Politics makes strange bedfellows.
The political process can quickly change an idealist into a cynic. Loyalties are often tested. Behind-the-scenes deal making can have a major impact.
All of the above will happen in 2012. First, in the Ryan Gosling campaign for the Best Actor Oscar. Then, in the US presidential primaries.
“The Ides of March” stars Gosling as a bright, young campaign staffer who works to help George Clooney’s character win the Democratic nomination for President. The film, directed by Clooney and set in his hometown of Cincinnati, focuses on the Ohio primary (held in March).
Gosling will likely receive an Oscar nomination for this role. The cumulative effect of his recent work in “Drive,” “Crazy, Stupid Love” and “Blue Valentine” certifies him as Oscar-worthy. And “Ides” is the kind of movie that gets award nominations. (He had an Oscar nomination for the obscure “Half Nelson” in ’07.)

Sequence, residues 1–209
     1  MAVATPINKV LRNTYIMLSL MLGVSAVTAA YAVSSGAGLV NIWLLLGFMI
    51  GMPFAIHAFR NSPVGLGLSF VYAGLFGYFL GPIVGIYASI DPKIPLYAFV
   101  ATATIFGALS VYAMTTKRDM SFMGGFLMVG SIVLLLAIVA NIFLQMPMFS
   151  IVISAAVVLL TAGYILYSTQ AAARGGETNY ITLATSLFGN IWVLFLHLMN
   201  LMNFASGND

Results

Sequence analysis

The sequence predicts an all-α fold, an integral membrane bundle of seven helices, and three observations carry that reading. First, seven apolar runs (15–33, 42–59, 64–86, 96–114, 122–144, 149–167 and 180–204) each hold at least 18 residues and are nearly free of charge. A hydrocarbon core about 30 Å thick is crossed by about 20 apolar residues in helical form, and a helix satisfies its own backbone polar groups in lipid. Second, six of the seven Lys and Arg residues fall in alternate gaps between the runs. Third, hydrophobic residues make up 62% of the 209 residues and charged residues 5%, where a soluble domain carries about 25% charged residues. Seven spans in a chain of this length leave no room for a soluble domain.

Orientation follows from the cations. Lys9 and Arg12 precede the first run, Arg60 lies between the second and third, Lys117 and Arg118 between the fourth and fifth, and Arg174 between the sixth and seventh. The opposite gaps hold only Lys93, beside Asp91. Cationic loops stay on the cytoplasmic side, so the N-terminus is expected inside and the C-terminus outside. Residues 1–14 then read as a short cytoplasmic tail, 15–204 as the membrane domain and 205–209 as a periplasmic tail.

Clooney’s character is Governor of Pennsylvania who wants to be President. He is a glib, charismatic liberal, who comes off as a sincere and honest public servant. Meanwhile, Phillip Seymour Hoffman and Paul Giamatti, as competing campaign managers, get into the dirty work of politics.
A key player in the story is Evan Rachel Wood as a political intern who quickly beds Gosling. When her cell phone rings in the wee hours after a tryst, the plot thickens and Gosling takes several bold, decisive actions.
“The Ides of March” showcases great acting from the entire cast, especially Gosling. The major plot points of the story occur in quick order, but I will not complain about the movie being tightly written.
Is the story realistic? Ask somebody who has worked inside a campaign. As an observer who watches politics from the sideline, “The Ides of March” gets my vote.